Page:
Are toxic cleaning products causing your allergies?
Anyone who suffers from allergies will know how miserable they can make you feel. Whether you suffer from respiratory problems or skin inflammation (or both), allergies can be brought on by a variety of triggers, from pollen and dust mites to certain foods and even fragrances and preservatives in cosmetics and cleaning products. You might have read our post about natural skincare – today we're looking at cleaning products you use around the home; how many of us actually know what's in that bottle of anti-bacterial spray or bathroom cleaner? We buy big-name brands such as 'Flash' and 'Cif' without a second thought, but the toxic ingredients these cleaning products contain could actually act as a trigger for your allergies.
What are the dangers?
A quick scan through the ingredients list of any cleaning product isn't very revealing for the average consumer; most of us don't have a clue what any of these chemicals are, far less what effect they can actually have on our bodies. In most cases, we don't have direct contact with cleaning chemicals such as toilet cleaner or kitchen multi-purpose spray. We're usually wearing household gloves and cleaning using a sponge or cloth, but that doesn't mean the ingredients in cleaning products can't still act as irritants.
Toxic ingredients can trigger or irritate existing respiratory problems but they can also cause allergic contact dermatitis. This is caused by contact with a substance to which you've become sensitised. Common sensitisers include plants such as Poison Ivy, nickel and lanolin, but ingredients found in cleaning products can also be 'contact allergens', so contact with the skin is not recommended.
Did you know that many popular household cleaners actually contain dangerous toxicity levels? Most are marked as hazardous to humans and animals. In fact, ingredients in many household cleaners have been linked to cancer, asthma, hormone disruption and reproductive disorders. Some products may cause an immediate reaction, such as headaches from fumes created by an oven cleaner, but chronic exposure on a daily or weekly basis could cause serious disease.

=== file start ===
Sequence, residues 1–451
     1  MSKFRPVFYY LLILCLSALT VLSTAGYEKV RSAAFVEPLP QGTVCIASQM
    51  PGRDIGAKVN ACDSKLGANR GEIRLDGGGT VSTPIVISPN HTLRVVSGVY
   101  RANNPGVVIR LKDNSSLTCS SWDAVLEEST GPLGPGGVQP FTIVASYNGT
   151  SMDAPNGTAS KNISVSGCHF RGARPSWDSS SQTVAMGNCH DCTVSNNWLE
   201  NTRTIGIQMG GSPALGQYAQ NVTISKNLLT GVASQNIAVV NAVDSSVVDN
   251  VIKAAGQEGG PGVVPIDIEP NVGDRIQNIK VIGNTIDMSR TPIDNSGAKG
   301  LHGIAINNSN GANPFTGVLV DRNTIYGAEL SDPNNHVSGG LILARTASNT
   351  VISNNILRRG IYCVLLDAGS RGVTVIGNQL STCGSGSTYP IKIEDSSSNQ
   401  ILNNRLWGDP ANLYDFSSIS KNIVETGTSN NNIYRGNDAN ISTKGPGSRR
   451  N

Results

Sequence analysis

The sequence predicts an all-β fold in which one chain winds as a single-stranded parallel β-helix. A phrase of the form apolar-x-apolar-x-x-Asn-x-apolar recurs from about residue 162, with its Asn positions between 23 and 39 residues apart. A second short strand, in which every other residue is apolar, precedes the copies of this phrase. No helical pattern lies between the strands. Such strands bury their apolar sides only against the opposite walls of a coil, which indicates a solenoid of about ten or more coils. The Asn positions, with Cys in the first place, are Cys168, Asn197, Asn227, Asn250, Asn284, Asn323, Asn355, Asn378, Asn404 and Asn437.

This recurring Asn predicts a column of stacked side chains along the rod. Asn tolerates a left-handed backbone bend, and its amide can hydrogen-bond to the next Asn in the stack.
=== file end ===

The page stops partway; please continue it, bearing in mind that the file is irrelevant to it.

So what's in the bottle?
Found in: Air fresheners, toilet paper and washing up liquid
In fact, many fragranced household products contain phthalates. These are known to disrupt the endocrine system; in men they can significantly reduce sperm count. Exposure occurs mainly through inhalation, but phthalates can also be absorbed through the skin – for example, when washing dishes. Try using essential oils to freshen your home and give plug-in diffusers and air-fresheners a miss.
Found in: Most antibacterial soaps, detergents and sprays
Triclosan can actually promote the growth of bacteria which are resistant to drugs. It's also thought to be carcinogenic and may disrupt hormones. Try to use hand sanitisers with alcohol that are triclosan free and stick to simple, natural soaps and detergents. Tea tree oil is a natural oil with antibacterial properties.
Found in: Multi-purpose cleaners and window cleaning products
If inhaled, 2-butoxyethanol can cause a sore throat. High levels of exposure, such as cleaning in an unventilated room, can lead to severe kidney and liver damage – it can also contribute to pulmonary oedema. Skip the window cleaner and use diluted vinegar and newspapers to clean windows and mirrors. You can make your own DIY cleaner using natural ingredients such as vinegar, baking soda and essential oils for fragrance.
Found in: Glass cleaners, window cleaners and many jewellery cleaners
Ammonia is a powerful irritant and anyone with asthma or other breathing problems will be affected by it. Those who are regularly exposed to it, such as cleaners, can develop asthma and bronchitis. It may sound strange but why not try cleaning metal and mirrored surfaces with vodka for a reflective shine? Toothpaste is a great way to polish silver without need for ammonia.
Found in: Toilet cleaners, scouring agents, laundry whiteners and many mildew removers (as well as tap water)
We are exposed to chlorine whenever we take a bath or shower and at high levels it can be a respiratory irritant. Over time it can disrupt the function of the thyroid so it's best to avoid household products containing it. Baking soda and vinegar are great cleaning substitutes.
Multiple chemical sensitivity
Sensitivity to chemicals isn't as rare as you might think. Toxic chemicals in household cleaning products can cause red, swollen eyes, diarrhoea, stomach cramps and skin rashes. Those affected are described as suffering from multiple chemical sensitivity and may be unable to work or be exposed to conventional products such as cleaning sprays, air-fresheners and even deodorant and mouthwash.
If you've recently been affected by skin rashes or respiratory problems, did you ever stop to think that what's in your household products could be to blame? Cutting out chemicals from your personal care and household cleaning routine could help prevent allergies from occurring.